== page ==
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>> as a writer, what do you think the experience of writing this book has done for you in terms of growing in your craft? >> that's ha hard question. i just -- i think that writing a book is really hard, and i was always looking for, like, the -- how do other people do this? and i realized that along the way, while i was writing, i saw the woody allen movie, whatever works, and that came by hollow. i learned you just have to keep at it until it works. so i don't really have a great answer to that. it's just -- you know, you find a way and you make a lot of mistakes and there are a lot of drafts and you have to throw out a lot of scened and cut things, and it's difficult. i think what realized is that writing is difficult. so not to beat myself up about it, and i told the kids the same
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thing. a lot of the kids find writing difficult, and i told them, that's good, you should find it difficult because it is. >> others? other questions? >> whatever happened to nwang? >> he is at syracuse university. he is -- he got a bunch of loans to go there and he's doing really well, and he -- you know, he's studying international real estates. he wanted to be an actor during high school so he got accepted into this adler academy. the current principal, her husband martin took head shots, and he dreamt of being an actor, now he is very political. he was mr. free tibet at the
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high school, and i'm sure that he is going to 'still be very active with tibetan causes and i'm sure he is doing that at syracuse. he is doing all right. [inaudible] >> jessica is also doing really well. she is at drexel, and she is in the business and engineering program, and i think she is still with her high school boyfriend -- no. sorry. oops. gossip. never mind. >> oh, she is doing great she just asked me to write -- to be a reference for her, for a job interview. so that he had that's the kind of thing want to do more of, now that the book is done, i can do little things like that and it's easy for me. and she is doing really well.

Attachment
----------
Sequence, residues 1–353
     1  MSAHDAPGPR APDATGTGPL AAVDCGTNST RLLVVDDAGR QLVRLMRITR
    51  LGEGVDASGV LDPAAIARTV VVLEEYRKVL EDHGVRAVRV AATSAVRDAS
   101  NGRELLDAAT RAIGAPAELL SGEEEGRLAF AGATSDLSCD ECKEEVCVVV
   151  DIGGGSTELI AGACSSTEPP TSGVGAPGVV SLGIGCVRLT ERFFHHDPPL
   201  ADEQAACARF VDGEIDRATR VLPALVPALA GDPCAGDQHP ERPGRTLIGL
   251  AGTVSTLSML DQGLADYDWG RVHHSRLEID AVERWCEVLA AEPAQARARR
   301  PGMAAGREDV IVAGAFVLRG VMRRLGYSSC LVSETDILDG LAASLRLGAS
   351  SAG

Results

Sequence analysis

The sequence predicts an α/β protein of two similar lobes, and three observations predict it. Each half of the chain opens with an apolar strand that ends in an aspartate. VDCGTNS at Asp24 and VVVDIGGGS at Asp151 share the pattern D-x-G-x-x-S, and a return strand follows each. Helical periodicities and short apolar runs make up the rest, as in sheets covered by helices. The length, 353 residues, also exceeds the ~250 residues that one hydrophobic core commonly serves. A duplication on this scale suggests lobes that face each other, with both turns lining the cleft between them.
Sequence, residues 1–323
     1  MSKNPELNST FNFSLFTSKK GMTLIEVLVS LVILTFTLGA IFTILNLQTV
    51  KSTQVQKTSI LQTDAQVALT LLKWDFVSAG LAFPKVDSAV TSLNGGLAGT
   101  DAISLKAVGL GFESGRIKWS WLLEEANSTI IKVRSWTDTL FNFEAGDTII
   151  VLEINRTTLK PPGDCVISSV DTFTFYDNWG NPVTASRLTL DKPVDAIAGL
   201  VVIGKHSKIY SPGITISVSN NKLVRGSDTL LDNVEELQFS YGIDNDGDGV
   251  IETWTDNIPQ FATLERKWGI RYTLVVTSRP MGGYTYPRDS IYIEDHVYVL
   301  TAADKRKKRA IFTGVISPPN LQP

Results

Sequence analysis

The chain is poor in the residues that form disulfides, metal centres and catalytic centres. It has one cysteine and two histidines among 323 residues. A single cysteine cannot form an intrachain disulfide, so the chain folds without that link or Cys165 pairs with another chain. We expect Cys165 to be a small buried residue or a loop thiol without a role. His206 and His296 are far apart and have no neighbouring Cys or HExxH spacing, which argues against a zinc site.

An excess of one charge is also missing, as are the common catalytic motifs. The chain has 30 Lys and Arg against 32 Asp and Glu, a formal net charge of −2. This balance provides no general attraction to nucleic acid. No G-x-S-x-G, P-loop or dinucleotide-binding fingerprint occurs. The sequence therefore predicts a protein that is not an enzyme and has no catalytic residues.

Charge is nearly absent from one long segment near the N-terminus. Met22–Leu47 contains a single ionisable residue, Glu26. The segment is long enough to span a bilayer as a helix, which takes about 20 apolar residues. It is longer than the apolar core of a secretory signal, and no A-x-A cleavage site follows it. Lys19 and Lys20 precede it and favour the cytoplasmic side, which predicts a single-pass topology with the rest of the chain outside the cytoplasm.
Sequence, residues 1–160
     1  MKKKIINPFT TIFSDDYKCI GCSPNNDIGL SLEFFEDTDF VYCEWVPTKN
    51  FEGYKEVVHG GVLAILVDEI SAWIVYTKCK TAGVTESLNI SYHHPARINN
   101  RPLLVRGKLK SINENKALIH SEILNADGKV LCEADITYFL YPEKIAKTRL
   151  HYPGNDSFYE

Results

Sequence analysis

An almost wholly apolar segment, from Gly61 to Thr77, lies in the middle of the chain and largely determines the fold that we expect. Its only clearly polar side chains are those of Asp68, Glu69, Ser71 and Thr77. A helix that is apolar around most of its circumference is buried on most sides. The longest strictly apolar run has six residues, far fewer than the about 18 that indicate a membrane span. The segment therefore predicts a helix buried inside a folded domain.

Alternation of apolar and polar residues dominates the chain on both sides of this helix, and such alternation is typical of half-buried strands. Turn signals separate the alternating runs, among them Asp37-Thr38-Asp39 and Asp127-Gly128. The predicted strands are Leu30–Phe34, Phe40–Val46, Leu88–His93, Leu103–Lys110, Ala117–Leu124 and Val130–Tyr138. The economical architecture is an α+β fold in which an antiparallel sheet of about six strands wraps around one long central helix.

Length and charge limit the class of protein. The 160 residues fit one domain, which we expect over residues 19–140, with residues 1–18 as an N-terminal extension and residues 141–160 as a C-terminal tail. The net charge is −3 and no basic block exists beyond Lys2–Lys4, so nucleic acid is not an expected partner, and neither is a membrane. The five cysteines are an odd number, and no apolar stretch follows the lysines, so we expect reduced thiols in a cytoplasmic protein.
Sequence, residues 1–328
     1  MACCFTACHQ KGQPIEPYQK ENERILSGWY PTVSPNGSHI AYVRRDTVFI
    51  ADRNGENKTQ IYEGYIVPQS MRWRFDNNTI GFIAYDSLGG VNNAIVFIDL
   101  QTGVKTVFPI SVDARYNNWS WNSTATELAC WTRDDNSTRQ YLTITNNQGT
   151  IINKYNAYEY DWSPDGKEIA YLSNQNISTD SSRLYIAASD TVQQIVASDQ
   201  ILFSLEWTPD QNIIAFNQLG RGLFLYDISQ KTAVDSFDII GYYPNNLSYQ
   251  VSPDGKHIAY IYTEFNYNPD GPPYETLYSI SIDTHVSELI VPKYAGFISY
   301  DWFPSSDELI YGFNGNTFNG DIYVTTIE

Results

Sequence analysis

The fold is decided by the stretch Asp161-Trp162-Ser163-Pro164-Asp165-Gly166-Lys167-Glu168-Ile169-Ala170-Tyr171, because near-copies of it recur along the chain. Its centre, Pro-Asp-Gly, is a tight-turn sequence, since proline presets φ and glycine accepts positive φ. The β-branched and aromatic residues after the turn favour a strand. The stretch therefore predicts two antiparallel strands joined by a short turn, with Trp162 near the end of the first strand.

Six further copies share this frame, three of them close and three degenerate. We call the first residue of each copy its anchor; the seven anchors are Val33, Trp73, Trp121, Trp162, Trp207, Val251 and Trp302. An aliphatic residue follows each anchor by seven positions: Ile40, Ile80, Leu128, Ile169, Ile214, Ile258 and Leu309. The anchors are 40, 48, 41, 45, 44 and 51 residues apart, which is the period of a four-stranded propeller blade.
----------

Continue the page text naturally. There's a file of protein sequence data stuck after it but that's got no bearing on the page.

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>> hey, brooke. my question was actually about education in general right now, because is there very intriguing political times and education gets a lot of attention in the press, both negative and positive. i wanted to ask you what you thought about how your book will leave an impression in that argument and what your impression is about the successes new york city schools can have. >> a few of the reviews of the book have said that this is an uplifting book about education in a time where there's a lot of bad news. so that makes me happy because i think that the school does a great job, and i love the school. i gave the commencement speech
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for graduation, and i told the kids the school is one of my favorite places on earth, which is try. i'm not an education report sore i can't speak about my views on education with a lot of expert, too but -- expertise but i know a about english language learners and i went to school in miami where there are lots of english language learners and they're were segregated in our school. and i think those kids get left out. really dependses on the school. in this school, all of the kids were learning english together, all mixed together, and i felt that approach worked because the kids are very understanding of each other. one thing you notice, in most middle schools, i think kids just torment each other, and at this school they really help.